Exercise 1.7 The data and their ranks are Tx group 5 4 6 4 3 4 4 3 5 5

Rank 8 4.5 10 4.5 1.5 4.5 4.5 1.5 8 8

Cx group 7 8 12 10 8 9 10

8

Rank 11 12.5 17 15.5 12.5 14 15.5

The tested hypotheses are H0 : θT x = θCx and H1 : θT x < θCx . The test statistic is the sum of the ranks for the observations in the control group since it is a smaller group. The value of the test statistic is W = 98. Thus, the test statistic must be compared to the upper critical value found in Table 2, which for n1 = 7, n2 = 10, and α = 0.05 is equal to WU = 81. Hence, the null hypothesis must be rejected and the conclusion drawn that the minimally invasive arthroplasty shortens the length of hospital stay. To do the analysis in SAS, the following code was run: data arthroplasty; input group $ HLOS @@; /*HLOS=hospital length of stay*/ cards; Tx 5 Cx 7 Tx 4 Cx 8 Tx 6 Cx 12 Tx 4 Cx 10 Tx 3 Cx 8 Tx 4 Cx 9 Tx 4 Cx 10 Tx 3 Tx 5 Tx 5 ; proc npar1way data=arthroplasty wilcoxon; class group; var HLOS; exact; run; The output is Wilcoxon Two-Sample Test Statistic (S) 98.0000 Exact Test One-Sided Pr >= S 5.142E-05 The P-value is very small, implying that the null hypothesis should be rejected, signifying efficiency of the minimally invasive surgical procedure.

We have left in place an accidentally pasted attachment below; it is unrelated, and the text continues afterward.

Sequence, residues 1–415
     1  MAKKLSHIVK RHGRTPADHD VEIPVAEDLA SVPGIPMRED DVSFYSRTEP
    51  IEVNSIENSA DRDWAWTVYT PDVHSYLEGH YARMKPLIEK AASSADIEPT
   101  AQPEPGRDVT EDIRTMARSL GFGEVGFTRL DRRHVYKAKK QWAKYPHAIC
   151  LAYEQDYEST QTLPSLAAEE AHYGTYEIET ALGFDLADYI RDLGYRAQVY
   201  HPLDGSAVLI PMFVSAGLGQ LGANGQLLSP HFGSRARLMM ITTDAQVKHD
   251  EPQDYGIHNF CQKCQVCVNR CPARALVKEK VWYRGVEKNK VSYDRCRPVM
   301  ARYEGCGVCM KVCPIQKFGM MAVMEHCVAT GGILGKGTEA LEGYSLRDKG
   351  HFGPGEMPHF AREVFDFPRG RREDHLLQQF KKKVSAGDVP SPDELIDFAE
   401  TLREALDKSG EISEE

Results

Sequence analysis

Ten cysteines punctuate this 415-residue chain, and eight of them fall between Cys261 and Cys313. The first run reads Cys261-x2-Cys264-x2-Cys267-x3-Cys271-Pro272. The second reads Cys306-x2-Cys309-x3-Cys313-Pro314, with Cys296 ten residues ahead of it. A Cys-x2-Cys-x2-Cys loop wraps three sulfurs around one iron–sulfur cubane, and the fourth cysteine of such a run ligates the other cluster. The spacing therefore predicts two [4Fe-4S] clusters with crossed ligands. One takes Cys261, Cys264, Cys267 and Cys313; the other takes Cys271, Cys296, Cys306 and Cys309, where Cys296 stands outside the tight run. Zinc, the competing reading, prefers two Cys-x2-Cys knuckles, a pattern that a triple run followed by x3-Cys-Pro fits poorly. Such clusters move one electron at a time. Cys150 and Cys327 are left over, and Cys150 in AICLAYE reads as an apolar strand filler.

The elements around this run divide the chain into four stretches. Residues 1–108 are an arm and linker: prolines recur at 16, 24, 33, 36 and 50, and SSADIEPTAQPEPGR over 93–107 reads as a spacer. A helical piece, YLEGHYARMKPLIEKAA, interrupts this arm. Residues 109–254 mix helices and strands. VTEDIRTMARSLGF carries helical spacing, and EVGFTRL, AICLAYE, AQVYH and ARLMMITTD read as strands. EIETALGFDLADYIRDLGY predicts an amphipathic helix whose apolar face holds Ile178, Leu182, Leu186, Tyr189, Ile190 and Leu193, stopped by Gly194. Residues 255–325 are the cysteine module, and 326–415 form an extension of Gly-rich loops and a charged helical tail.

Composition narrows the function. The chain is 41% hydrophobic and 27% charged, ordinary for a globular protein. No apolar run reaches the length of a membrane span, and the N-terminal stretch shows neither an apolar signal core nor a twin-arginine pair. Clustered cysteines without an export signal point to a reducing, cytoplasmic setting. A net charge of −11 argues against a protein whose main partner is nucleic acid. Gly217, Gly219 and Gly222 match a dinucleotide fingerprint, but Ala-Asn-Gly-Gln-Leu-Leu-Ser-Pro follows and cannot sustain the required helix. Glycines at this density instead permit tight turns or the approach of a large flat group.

9

Exercise 1.8 The data are assigned the ranks as follows: Adolescents 15 Ranks 12.5 Adults Ranks

13 10.5

8 4

8 4

10 7.5

6 1

9 6

7 2

8 4

17 15.5

10 7.5

12 9

13 10.5

17 15.5

15 12.5

17 15.5

17 15.5

19 18

The alternative hypothesis is lower-tailed, H1 : θadolesc < θadults . The test statistic is equal to the sum of the ranks for adolescents (the smaller sample), W = 41. From Table 2, the lower critical value for n1 = 8, n2 = 10, and α = 0.01 is WL = 49. Since the test statistic is below the lower critical value, we reject the null and conclude that adults show a better knowledge regarding HIV. In SAS, we run the code: data HIV_knowledge; input group $ score @@; cards; Adolescent 15 Adult 13 Adolescent 8 Adult 17 Adolescent 8 Adult 10 Adolescent 10 Adult 12 Adolescent 6 Adult 13 Adolescent 9 Adult 17 Adolescent 7 Adult 15 Adolescent 8 Adult 17 Adult 17 Adult 19 ; proc npar1way data=HIV_knowledge wilcoxon; class group; var score; exact; run; The output below contains the test statistic and the one-tailed P-value. Wilcoxon Two-Sample Test Statistic (S) 41.0000 10

Exact Test One-Sided Pr = |S - Mean| 0.0089 The P-value is less than 0.01, thus we reject the null and draw identical conclusion to the one above.

Exercise 1.10 (a) The ranks for the Wilcoxon rank-sum test are as follows: Working moms Ranks

1 2

Stay-at-home moms 1 Ranks 2

4 7

14 16

7 12

11 15

1 2

3 4.5

5 10

5 10